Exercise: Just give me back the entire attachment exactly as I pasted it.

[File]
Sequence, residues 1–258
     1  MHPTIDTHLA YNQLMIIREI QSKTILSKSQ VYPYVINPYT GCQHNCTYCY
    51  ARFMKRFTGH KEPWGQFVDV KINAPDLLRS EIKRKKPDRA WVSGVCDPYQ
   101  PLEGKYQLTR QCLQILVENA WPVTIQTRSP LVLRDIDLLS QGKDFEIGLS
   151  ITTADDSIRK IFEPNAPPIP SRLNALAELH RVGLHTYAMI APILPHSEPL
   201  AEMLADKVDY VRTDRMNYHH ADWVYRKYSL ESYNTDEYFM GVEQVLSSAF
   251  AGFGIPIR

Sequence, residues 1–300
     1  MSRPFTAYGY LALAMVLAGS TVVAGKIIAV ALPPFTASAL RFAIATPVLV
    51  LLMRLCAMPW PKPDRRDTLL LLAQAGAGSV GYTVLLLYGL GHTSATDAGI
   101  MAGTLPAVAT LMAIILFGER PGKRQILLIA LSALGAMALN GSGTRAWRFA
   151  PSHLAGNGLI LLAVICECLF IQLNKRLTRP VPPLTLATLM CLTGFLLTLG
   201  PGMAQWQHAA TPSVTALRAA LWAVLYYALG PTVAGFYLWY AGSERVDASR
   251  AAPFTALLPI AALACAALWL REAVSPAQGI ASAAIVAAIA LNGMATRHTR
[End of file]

Sequence, residues 1–258
     1  MHPTIDTHLA YNQLMIIREI QSKTILSKSQ VYPYVINPYT GCQHNCTYCY
    51  ARFMKRFTGH KEPWGQFVDV KINAPDLLRS EIKRKKPDRA WVSGVCDPYQ
   101  PLEGKYQLTR QCLQILVENA WPVTIQTRSP LVLRDIDLLS QGKDFEIGLS
   151  ITTADDSIRK IFEPNAPPIP SRLNALAELH RVGLHTYAMI APILPHSEPL
   201  AEMLADKVDY VRTDRMNYHH ADWVYRKYSL ESYNTDEYFM GVEQVLSSAF
   251  AGFGIPIR

Sequence, residues 1–300
     1  MSRPFTAYGY LALAMVLAGS TVVAGKIIAV ALPPFTASAL RFAIATPVLV
    51  LLMRLCAMPW PKPDRRDTLL LLAQAGAGSV GYTVLLLYGL GHTSATDAGI
   101  MAGTLPAVAT LMAIILFGER PGKRQILLIA LSALGAMALN GSGTRAWRFA
   151  PSHLAGNGLI LLAVICECLF IQLNKRLTRP VPPLTLATLM CLTGFLLTLG
   201  PGMAQWQHAA TPSVTALRAA LWAVLYYALG PTVAGFYLWY AGSERVDASR
   251  AAPFTALLPI AALACAALWL REAVSPAQGI ASAAIVAAIA LNGMATRHTR